So often we realize we have family that has nothing to do with blood relations.
I am a person gifted with so many beautiful friends. Friends who have stuck by me, accepted my flaws, grieved with me. Friends who held me up in hard times and laughed with me in the good. It’s surprising, actually, because I remember while I was married with very young children, feeling so terribly alone, like no one knew what friendship was anymore. What I think I didn’t realize was that I was actually the one not invested in connecting with others on a deeper level. I was too caught up in my own little world, with a pile of anger simmering inside me (shall we call that manure?), and unable to see the richness of my life. I have compassion for the woman I was, but I certainly don’t want to be her again. She was pretty confused, really trying to keep up with the Joneses, and so fucking breathless.
It was my divorce that started to illustrate for me that wealth in this life has nothing to do with the numbers in your bank account. It has everything to do with your relationships.
And I am wealthy beyond measure.
So in honor of being 40, I wanted to share the stories of two soul sisters who also turned 40 this year, all of us within a month or so.
Let’s go with the oldest of us three, Vanessa, the crone! (Ha!)
Oh, Vanessa. Vanessa who lives in Tennessee. Vanessa who just always fucking smiles, no matter what happens. Strong like a sycamore tree. And as kind. And smarter, probably, than anyone I’ve met.
In middle school, Vanessa was confident enough to wear yellow shoes with these big ribbons. People don’t like that shit in middle school. A girl who wears what she wants? Who is her own person? Puh-lease. But she did it. And she smiled all the way through. (And of course she got annoyed with all that small-mindedness because it was stupid.)
Speaking of middle school, I had my share of mean girls. The clincher for my friendship with Vanessa, what settled us as soul sisters, was when I was supposed to show up at a basketball game at the school to meet a bunch of “friends,” but when I walked through the door they all looked at me and ran away.
This so doesn’t seem like a big deal to me now. If a bunch of girls did this to me today, I’d laugh and sit on the bleachers and continue to enjoy the game, wondering if they were getting lost in the halls. But at that moment? It felt like my life was over, like everything was shattered. I went home crying, and I even called one girl’s mom to tell her (I was a feisty little thing), and then, either with the prompting of my own mom or on my own, I decided to call Vanessa. Because it was only then that I remembered that the girls had been mean to Vanessa, too, had also cut her from the group. So I told her how wrong that was and how I still wanted to be her friend. She was so gracious, so accepting.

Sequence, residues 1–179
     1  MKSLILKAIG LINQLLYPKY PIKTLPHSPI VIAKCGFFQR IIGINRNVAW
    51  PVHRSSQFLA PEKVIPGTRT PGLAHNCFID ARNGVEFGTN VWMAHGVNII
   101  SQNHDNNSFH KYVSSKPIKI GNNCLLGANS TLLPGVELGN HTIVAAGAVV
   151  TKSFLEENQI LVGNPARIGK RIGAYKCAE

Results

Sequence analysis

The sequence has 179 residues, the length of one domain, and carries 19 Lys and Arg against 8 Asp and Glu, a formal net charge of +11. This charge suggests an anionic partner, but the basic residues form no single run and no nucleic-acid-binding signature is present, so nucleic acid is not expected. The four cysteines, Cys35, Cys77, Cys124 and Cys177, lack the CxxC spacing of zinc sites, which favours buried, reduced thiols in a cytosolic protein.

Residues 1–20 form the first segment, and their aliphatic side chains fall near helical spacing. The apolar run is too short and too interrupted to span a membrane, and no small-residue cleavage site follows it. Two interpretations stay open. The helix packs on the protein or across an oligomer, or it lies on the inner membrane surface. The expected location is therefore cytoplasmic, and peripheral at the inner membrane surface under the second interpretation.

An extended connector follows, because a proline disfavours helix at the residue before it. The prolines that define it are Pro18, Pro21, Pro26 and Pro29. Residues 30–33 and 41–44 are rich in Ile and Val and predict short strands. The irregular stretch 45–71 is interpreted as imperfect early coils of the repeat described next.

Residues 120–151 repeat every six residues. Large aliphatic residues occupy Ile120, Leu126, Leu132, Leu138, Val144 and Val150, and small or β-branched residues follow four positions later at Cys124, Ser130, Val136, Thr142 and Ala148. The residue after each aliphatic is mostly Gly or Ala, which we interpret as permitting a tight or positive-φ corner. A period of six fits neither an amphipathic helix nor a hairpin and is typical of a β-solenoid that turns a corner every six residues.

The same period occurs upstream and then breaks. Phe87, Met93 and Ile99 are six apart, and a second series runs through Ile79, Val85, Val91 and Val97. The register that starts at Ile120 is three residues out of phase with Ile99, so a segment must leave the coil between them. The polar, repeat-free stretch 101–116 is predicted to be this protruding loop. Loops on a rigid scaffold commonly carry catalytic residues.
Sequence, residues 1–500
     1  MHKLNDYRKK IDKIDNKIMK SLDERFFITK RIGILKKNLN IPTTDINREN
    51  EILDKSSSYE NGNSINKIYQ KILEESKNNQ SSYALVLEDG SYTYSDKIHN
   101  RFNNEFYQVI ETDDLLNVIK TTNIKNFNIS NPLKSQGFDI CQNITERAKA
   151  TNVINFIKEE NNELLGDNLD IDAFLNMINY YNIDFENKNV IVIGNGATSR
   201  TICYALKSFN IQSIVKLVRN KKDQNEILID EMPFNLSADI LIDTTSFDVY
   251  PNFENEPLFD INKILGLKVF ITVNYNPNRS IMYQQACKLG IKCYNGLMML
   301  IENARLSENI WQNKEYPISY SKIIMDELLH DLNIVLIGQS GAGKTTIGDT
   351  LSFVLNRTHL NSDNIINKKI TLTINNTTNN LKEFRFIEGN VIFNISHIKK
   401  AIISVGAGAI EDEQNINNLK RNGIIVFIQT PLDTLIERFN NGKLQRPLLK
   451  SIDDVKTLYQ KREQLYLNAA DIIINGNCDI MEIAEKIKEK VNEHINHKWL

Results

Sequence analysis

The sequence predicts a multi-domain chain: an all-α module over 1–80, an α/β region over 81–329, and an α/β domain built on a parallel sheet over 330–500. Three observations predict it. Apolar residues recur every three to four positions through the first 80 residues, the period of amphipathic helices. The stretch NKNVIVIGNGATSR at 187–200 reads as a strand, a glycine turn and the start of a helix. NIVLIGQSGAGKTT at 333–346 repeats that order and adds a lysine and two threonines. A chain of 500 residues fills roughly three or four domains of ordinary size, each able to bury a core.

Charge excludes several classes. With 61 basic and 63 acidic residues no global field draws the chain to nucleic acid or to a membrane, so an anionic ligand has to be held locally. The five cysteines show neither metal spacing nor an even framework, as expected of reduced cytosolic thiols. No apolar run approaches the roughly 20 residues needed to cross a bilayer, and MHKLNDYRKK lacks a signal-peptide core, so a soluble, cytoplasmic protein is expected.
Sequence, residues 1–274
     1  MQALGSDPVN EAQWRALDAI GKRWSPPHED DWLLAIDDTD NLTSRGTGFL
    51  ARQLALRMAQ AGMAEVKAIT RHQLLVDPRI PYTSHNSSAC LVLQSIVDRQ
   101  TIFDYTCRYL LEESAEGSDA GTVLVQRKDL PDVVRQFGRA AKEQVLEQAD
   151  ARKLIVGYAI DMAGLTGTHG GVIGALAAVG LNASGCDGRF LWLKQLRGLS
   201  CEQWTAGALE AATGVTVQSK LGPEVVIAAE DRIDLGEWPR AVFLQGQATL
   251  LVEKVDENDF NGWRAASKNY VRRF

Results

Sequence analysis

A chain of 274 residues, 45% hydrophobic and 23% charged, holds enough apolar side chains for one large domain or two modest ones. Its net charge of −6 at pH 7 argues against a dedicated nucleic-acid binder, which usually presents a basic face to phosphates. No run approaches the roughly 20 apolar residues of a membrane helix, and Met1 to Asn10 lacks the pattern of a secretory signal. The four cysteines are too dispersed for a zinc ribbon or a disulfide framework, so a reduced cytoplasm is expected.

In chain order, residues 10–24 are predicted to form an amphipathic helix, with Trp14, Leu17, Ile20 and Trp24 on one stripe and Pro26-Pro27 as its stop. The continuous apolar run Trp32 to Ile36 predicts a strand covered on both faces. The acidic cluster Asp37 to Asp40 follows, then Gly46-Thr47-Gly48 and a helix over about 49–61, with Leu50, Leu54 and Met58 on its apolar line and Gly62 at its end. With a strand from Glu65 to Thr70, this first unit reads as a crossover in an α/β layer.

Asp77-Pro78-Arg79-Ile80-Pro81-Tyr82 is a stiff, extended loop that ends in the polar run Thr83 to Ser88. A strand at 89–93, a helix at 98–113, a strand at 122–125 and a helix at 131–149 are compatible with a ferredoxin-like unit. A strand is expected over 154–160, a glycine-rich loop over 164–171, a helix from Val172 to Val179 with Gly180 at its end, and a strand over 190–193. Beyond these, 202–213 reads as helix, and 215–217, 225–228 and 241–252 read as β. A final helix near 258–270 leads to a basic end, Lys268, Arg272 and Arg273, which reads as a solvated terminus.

And you want to know a secret? I was always worried Vanessa would get angry with me, think that the only reason I reached out to her was because I’d been wronged, that she’d be resentful I hadn’t done something sooner to help her. I would have deserved that. I would have deserved her saying, Nah, you weren’t there for me last week, so I’m not going to be here for you now.
But she didn’t do that. Because that’s not who she is. Not at 12, and not now, at the wonderful age of 40. Vanessa is my ardent supporter, the one who’s always putting her hands together under my feet to lift me up the ladder. And when we see each other, which is rare, it’s like no time has passed at all.
Cheers to Vanessa. I will always love you, girl, no matter what.
Which brings me to my next soul sister, who is Katie, my best friend from college. The passion I feel for this woman is deep. I can’t explain it. I’m like a fucking tiger for her, and if anyone even thinks of doing her wrong, I will show my fangs.
Ya think this chic would ever text me? Or return a text in a shorter time than three hours? No. But I love her anyway. (Katie, don’t feel guilty.) Because I know that even when her fingers don’t reach out, she is thinking about me, pondering my life, sending me energy from her car or her office or from the couch while she’s petting her big hairy dog.
I don’t know if there was one clinching moment when I became sisters with Katie. I can’t think of just one. But I do remember quite clearly in our little feminist utopia of a college dorm that when someone said something harsh to her, she spoke up and told the girl, “That hurts.”
I was always impressed with that. Because I never felt I could admit to anyone that something inside of me hurt.
And then there were the two plays I wrote in college, in which Katie was the star. The comedian. The weather reporter. She stole the show both times.
So to the one who always makes me laugh and always listens and lets me monopolize the conversation, and to the star reporter, bless you. I love you always.
Now, for anyone reading—I know you have soul sisters, too. Or brothers. People you’re related to by soul. People who God sent to you to make your life better, and who listen to you, and support you, and nurture your spirit.
Go give ’em some roses.